Title image source: Smart Air

The streets are empty, and pictures of clear blue skies above Delhi and Beijing have gone viral (no pun intended). It is obvious that the Coronavirus has been dramatically beneficial to air quality around the world. In fact, the Centre for Research on Energy and Clean Air (CREA) calculated that the various lockdowns due to Covid-19 have resulted in 11,000 fewer deaths from air pollution across Europe. But perhaps less obvious is the fact that the inverse is also true – poor air quality drastically increases the spread and severity of the Coronavirus. This is partially because air pollutants weaken hearts and lungs. However, more recently, it has become apparent that particles of air pollution may be aiding the spread of Coronavirus by carrying it further afield. 

Several studies have investigated how far the virus can travel, and what the risk of catching it is at different distances away from an infected person. Scientists think that the large droplets containing the virus from coughs and sneezes fall to the ground within two meters. This has informed the social distancing guidelines of staying 2m apart. However, some small particles may travel further and for longer. Scientists state that droplets from coughs and sneezes less than 5 µm in diameter could remain in the air for many minutes, even hours, and thus travel further. In addition, new studies are showing that small airborne particles of pollution, such as PM2.5 particulates (<2.5 µm in diameter), are transporting the virus on their surfaces. These scientists discovered Coronavirus attached to particles of air pollution in Bergamo in Italy and proposed that air pollution might be the reason that Coronavirus spread much faster in the more industrial north of Italy than in other parts of the country. (See the graph below, which indicates northern Italy’s high levels of PM 2.5) 

Source: European Environment Agency

It is widely believed that Influenza viruses, Respiratory Syncytial viruses and Measles viruses can spread by “hitching” lifts on pollution particles. Hence, the researchers hypothesized that this may be the case for the novel Coronavirus too. They looked at infection rates in the Po valley in China, which is more industrial than the surrounding areas and was hit harder by the Coronavirus. They also compared the infection levels to day-to-day levels of pollution, and found that, allowing for the delay from the virus’ incubation period, the rates of new infections correlated quite closely to changing pollution levels. While this is not accepted as sufficient proof by the scientific community, it is backed up by other studies. Airly’s data from Wuhan suggests that even a minor increase in particulate levels at the beginning of the pandemic is associated with a faster spread of Coronavirus.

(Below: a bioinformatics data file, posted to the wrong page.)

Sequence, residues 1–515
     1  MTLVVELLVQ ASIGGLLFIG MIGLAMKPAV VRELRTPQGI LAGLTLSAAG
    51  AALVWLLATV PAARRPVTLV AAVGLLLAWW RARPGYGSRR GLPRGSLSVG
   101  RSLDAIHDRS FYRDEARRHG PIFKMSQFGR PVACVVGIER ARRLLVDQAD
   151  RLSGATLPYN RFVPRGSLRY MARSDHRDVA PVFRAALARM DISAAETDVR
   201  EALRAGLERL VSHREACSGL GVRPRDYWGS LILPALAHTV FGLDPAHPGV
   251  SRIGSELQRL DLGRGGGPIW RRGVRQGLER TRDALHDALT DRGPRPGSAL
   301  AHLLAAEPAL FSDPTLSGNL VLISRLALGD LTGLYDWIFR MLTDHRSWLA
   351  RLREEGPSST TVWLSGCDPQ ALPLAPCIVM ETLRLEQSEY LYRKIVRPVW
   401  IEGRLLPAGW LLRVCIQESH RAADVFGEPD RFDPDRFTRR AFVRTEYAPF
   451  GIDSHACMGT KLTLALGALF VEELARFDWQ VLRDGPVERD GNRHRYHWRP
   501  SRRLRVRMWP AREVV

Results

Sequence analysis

As well as increasing the rate of spread, poor air quality can also increase death rates. The European Public Health Alliance (EPHA) issued a warning that people who were already affected by air pollution would be in greater danger from the virus. They pointed to a 2003 study of SARS, which found that patients in moderately polluted areas were 84% more likely to die than those in less polluted regions. The same conclusion was reached by researchers at Harvard University’s T.H. Chan School of Public Health. Their study found that “long term exposure to just 1 µg/m3 more of PM2.5 was associated with an 8% increase in the Coronavirus death rate in a given city”.  

The reason that bad air quality increases the death rate from the Coronavirus is that, as well as pollution weakening hearts and lungs, the immune system appears to respond in similar ways to both the threats of air pollution and the virus. Both trigger cytokine-related inflammation, during which the immune system releases cytokine molecules to fight the threat in the lungs. This means that a patient is more likely to experience a “cytokine storm” that can attack healthy tissue, thus weakening the body further and often resulting in death.  

Overall, we can see that the Coronavirus is spread more easily where air quality is poor. It seems that there is a strange dynamic in play. As these two global crises, namely Coronavirus and Air Pollution are linked, would making changes to deal with one help to deal with the other? And finally, will we seize the opportunity to make these changes last? 

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